In response to one user who noted that Mahomes beat teams quarterbacked by other top talents like Josh Allen (Buffalo Bills) and Lamar Jackson (Baltimore Ravens) during this year’s playoff run — an achievement that “stands alone” — another user had this to say:

Yes, Brady does have seven rings, several of which came during comeback victories. (One of them definitely was not a comeback — Tampa Bay’s 31-9 rout over Mahomes’ favored Chiefs in Super Bowl LV.)

The pro-Mahomes post — and similar sentiments — elicited similar reactions, as well:

Yes, that’s the kind of hot-take action you expect to hear before a Super Bowl. And when you get hot take action — like, say, any time Skip Bayless or Colin Cowherd regrettably graces your television screen — you can count on it being either wrong or misleading.

First, yes, that Super Bowl LV loss was pretty bad for Mahomes. The other loss? Not so much.

In the 2018 AFC Championship — during Mahomes’ first year as a starter, mind you, while Brady was in his 18th — Mahomes led the Chiefs on a game-tying drive after getting the ball back with just 32 seconds remaining on the clock, according to an NFL.com recap. Alas, Mahomes never had a chance to touch the ball in overtime, as New England won first possession on the coin toss and drove for a touchdown, securing the victory.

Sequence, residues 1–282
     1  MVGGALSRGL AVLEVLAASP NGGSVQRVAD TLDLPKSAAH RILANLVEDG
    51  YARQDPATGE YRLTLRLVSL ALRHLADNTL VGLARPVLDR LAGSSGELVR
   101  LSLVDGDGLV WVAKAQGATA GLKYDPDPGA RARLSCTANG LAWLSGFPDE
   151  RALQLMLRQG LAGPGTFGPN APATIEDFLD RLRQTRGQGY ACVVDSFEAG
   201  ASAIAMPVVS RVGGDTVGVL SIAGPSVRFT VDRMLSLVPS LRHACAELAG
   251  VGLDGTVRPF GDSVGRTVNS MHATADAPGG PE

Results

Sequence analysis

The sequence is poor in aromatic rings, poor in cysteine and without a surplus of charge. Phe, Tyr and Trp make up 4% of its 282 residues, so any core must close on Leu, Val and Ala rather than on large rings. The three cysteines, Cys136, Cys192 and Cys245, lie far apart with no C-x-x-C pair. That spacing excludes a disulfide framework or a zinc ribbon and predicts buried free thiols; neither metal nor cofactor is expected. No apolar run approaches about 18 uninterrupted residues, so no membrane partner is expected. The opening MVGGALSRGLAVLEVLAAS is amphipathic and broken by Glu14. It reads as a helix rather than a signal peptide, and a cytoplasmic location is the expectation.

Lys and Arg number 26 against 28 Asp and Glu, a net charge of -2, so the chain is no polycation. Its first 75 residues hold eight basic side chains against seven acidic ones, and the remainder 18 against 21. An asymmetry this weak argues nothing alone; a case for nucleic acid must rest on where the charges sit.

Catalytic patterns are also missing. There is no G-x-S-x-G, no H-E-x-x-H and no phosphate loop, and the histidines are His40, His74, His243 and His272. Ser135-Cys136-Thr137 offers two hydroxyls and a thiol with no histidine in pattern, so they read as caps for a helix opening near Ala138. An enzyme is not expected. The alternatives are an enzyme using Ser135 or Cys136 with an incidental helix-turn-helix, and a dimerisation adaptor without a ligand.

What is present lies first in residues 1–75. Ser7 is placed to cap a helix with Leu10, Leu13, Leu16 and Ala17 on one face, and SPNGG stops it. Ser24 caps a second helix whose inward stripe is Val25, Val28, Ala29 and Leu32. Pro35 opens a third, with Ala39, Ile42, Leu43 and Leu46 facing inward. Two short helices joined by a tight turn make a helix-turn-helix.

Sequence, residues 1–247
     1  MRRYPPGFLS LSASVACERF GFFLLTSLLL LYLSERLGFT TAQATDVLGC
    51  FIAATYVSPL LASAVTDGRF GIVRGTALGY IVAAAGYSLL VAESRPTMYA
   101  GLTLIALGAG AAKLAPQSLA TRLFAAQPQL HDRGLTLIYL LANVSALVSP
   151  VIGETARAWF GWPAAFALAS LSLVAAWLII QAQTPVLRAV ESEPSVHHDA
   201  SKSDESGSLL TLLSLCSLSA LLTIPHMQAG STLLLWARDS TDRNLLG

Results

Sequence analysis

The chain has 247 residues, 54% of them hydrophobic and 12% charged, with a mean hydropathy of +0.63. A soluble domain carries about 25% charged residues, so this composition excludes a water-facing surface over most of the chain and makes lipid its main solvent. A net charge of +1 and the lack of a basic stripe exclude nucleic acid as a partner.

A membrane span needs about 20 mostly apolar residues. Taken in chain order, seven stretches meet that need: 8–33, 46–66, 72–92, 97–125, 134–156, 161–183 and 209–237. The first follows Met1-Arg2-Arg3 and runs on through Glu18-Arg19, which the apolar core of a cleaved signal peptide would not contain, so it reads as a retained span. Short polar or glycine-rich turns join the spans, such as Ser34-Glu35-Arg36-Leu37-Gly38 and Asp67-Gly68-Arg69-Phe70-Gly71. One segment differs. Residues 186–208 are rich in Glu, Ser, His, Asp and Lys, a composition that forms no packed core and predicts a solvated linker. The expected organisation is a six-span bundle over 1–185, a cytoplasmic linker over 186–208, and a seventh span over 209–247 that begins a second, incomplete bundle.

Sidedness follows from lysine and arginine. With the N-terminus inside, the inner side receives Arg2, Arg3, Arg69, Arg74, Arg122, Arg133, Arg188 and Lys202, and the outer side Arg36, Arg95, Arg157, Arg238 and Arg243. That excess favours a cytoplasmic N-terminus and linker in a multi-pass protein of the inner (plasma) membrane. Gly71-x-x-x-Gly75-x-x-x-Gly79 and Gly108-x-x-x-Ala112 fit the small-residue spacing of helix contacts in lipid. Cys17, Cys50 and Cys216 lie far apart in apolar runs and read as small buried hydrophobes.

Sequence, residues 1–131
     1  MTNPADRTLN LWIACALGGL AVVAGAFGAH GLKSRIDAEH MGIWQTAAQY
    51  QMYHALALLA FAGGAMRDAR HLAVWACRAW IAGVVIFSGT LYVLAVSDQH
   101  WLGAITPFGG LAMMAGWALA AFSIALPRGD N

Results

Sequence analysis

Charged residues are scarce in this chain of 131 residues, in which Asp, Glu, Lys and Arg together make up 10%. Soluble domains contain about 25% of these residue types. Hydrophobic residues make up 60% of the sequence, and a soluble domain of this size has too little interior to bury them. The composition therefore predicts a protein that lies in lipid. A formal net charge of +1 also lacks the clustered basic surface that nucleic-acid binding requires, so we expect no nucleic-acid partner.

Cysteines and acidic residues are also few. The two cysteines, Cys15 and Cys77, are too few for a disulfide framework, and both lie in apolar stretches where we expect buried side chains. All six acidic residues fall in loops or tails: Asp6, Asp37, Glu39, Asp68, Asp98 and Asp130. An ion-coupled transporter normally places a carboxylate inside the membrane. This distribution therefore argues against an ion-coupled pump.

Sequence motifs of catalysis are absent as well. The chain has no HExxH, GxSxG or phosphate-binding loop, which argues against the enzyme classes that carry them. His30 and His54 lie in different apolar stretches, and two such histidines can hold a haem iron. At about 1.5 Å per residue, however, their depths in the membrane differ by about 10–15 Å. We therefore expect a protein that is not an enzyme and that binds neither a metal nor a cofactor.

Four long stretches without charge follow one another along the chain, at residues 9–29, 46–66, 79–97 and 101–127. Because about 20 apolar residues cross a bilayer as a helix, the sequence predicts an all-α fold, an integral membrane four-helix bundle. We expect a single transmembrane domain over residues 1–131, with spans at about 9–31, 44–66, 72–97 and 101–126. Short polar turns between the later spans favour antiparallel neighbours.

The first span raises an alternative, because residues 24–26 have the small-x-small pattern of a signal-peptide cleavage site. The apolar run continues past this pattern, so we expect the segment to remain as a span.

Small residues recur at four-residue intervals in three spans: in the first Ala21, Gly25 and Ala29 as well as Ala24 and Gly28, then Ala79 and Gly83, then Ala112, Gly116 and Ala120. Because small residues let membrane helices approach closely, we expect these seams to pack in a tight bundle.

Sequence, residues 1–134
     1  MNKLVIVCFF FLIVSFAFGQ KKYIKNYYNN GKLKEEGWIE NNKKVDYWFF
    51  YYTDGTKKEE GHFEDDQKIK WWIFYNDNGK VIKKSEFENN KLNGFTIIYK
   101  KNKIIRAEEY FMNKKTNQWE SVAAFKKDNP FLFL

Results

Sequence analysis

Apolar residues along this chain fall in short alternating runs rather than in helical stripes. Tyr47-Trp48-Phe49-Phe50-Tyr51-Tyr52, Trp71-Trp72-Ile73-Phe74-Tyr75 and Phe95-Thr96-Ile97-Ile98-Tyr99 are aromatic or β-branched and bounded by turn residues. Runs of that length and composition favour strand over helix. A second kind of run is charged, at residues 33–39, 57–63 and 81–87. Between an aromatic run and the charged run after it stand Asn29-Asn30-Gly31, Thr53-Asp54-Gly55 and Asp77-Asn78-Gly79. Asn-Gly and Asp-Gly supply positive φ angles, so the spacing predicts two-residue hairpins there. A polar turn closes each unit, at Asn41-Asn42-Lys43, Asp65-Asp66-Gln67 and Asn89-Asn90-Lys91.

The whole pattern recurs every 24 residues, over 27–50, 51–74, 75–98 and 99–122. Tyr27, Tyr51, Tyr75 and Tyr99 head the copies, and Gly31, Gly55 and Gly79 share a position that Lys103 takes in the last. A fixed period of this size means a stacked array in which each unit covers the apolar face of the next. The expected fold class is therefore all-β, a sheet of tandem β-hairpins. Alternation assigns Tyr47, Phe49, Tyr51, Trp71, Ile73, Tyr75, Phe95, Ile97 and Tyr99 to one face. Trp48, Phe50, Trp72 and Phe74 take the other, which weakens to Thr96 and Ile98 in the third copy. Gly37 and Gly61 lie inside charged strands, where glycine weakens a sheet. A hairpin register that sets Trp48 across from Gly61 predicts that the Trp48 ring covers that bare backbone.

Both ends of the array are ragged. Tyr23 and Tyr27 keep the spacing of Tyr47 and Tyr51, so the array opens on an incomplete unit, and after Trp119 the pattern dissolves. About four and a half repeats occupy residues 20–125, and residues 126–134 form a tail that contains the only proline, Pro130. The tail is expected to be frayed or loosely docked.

Secondly, as SportsKeeda notes, the two quarterbacks were evenly matched head-to-head when you count regular-season games — three wins apiece in their games against each other.

Furthermore, Mahomes has accomplished something that Brady never did: He’s led the Chiefs to four Super Bowls in six years as a starter. He’s already earned two First Team All-Pro nods; Tom Brady earned three in his 22 seasons as a starter. He has one Second Team All-Pro, compared to three for Brady — all over a much shorter time.

Mahomes has also made the Pro Bowl every year he’s been a starter. Brady, meanwhile, didn’t make consecutive Pro Bowls until 2009 and 2010, well into his career.

Beyond that, however, let’s not forget that when it comes to embarrassing Super Bowl losses, Tom Brady also has a few. For instance, he’s responsible for two of the greatest moments of my life a sports fan. Those were the two Super Bowls where his Patriots lost to considerably inferior New York Giants teams, who were able to consistently flush Brady out of the pocket in both games and thus reduce his efficiency.